adventure-based spending in Prague
David Bishop

David Bishop

Adventure-Based Spending and Happiness

Living a life of happiness means looking at money differently with adventure-based spending. It’s not in what you spend, but how you spend it.

The Old Way of Thinking
Many of us are trapped in an old way of thinking about money. That way looks at money very flatly. There are two things to do with money: spend it or save it.

Looking at money this way often makes it feel like there is a moral connection each time we use our money: if we spend it we feel bad; if we save it, we feel good.

Unfortunately, thinking this way causes a lot of unnecessary guilt and problems. If our car breaks down, should we not spend money to fix it? If we have a chance to improve ourselves, should we not spend money to take it? If we see someone who is in need of help, should we not spend money to help them? Or should we save all our money, live in a hovel, lead a colorless life and expire with a bank full of cash?

There’s a better way to look at money.

Money Is a Tool
Money is a tool. Like a hammer or a screwdriver, it’s something that we use for a purpose. Richard Branson, a billionaire who built the Virgin brand, was given a loan by his aunt to start his business. When she gave it to him, she told him “money was for making things happen”. We need to think of money this way.

There are four main ways to use money and using it wisely on adventure-based spending is the best way to have it enhance your happiness.

(You may be asking, can money even buy happiness? Yes! Research has found that people earning at least $75,000 are happier than those who don’t. Being able to afford basic necessities greatly impacts one’s happiness. But, research has also found that how we spend our money can affect our happiness as well.)

Toys, Tools, and Experiences
When we buy toys, we don’t typically improve our happiness. Giant TV’s, loads of expensive jewelry, or endless stuff that clutters up our closets can actually add more stress and decrease our happiness. Using money to buy toys often leads to disappointment, although not always (more on that in a second).

Another way to spend money is to buy tools. These are things that enhance our lives. Learning courses, a camera to learn photography, or an iPad to follow along with a cooking show in the kitchen. These enhance our lives and make us better people, although there are three things to remember with tools:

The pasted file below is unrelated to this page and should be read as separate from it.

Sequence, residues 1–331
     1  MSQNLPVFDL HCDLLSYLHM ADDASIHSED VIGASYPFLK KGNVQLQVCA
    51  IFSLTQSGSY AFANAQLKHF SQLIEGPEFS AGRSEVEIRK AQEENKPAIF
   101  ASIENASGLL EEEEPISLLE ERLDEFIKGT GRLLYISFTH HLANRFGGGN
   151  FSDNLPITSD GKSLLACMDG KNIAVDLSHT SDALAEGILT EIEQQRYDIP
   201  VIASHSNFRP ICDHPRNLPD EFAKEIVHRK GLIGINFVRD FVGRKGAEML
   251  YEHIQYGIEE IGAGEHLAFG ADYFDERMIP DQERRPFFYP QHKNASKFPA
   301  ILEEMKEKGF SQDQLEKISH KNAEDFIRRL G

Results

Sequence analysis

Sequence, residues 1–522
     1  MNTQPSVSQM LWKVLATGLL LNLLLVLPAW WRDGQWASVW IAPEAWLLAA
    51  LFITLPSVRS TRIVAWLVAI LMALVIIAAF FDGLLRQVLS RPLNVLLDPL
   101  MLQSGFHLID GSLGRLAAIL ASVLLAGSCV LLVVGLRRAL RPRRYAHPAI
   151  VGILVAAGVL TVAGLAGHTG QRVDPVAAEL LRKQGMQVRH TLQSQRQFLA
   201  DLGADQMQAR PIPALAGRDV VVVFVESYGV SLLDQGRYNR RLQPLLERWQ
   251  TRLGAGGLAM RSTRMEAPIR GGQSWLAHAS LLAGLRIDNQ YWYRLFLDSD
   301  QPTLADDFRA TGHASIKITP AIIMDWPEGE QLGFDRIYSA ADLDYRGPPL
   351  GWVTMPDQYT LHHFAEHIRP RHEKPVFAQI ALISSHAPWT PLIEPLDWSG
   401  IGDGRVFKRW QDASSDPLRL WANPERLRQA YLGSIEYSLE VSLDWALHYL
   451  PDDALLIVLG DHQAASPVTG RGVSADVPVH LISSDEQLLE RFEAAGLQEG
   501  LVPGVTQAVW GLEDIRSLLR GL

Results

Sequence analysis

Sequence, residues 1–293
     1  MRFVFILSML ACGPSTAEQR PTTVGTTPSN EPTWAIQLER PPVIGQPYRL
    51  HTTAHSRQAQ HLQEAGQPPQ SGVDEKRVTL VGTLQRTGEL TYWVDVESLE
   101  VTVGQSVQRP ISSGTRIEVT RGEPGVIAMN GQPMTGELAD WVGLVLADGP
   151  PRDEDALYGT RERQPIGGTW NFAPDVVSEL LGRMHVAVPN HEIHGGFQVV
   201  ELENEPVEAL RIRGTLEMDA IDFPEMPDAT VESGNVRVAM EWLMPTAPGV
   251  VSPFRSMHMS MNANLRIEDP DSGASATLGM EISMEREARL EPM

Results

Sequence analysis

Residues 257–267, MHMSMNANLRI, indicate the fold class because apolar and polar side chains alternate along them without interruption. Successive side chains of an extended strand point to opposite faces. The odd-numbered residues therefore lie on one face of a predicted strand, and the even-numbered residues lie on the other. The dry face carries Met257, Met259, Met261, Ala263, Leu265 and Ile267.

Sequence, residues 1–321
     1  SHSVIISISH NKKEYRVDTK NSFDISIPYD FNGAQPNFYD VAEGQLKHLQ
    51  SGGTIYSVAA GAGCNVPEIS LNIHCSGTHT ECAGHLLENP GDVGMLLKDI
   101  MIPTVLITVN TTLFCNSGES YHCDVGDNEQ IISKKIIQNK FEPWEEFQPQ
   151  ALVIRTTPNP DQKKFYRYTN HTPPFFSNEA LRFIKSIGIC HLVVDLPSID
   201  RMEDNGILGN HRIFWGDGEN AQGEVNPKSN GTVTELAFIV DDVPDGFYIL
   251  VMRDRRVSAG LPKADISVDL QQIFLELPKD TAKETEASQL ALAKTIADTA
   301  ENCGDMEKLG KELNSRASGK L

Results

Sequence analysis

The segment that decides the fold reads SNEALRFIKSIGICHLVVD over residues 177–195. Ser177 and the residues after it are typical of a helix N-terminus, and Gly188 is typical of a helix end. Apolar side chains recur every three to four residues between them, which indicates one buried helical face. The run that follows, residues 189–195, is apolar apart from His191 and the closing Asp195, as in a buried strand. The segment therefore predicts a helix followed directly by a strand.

• Use Them: If you buy a tool, you must use it. Tools only enhance happiness when they are used, otherwise they trigger guilt.
  • Less Is More: When I really started sticking to guitar practice, I became guitar happy. I ended up with about 6 or 7 beautiful guitars. They were gorgeous in sound and looks. But I could never play them all. They became a guilt trigger. I ended up selling most of them. I now have an electric and acoustic that I play every day and a compact guitar for traveling as I travel often. Use only what you need.
  • Work Your Way Up: When I first started playing guitar, I bought a guitar that felt like it was made out of thick paper. As I improved I upgraded. With my video business I started with a photography camera (DSLR) that did video. Later I upgraded to a better DSLR. Eventually I moved to a full video camera. Making sure you use tools also means to start with tools at your level.

Finally, one of the best ways to employ adventure-based spending is to spend money on experiences. This is where people record the most happiness. You can buy a great TV that you will use for ten years, but, unlike that trip you took to the Bahamas 20 years ago, you won’t think about it after it’s gone.

Sometimes an experience might be a “toy” if it stands out. For instance, instead of having loads of jewelry, having just one necklace that you bought on that trip to London provides a wealth of joy from all the memories trapped inside.

Adventure-Based Spending
To have an adventurous life you will want to use adventure-based spending in a way that improves your life. Some people waste money on fast food and eating out every day or buying junk. That’s no way to live an exciting life. Others spend it on toys that pile up in their house and cause them more distress than happiness.

But some people buy tools that enhance their lives and make their lives better. They find ways to use money to improve themselves and fill their futures with possibilities and adventure.

And they use money to have experiences that they remember for years to come – time with family and friends and enjoying life and building lasting memories.

That’s the way to use money wisely: on adventure-based spending to live a life of happiness and fulfillment.

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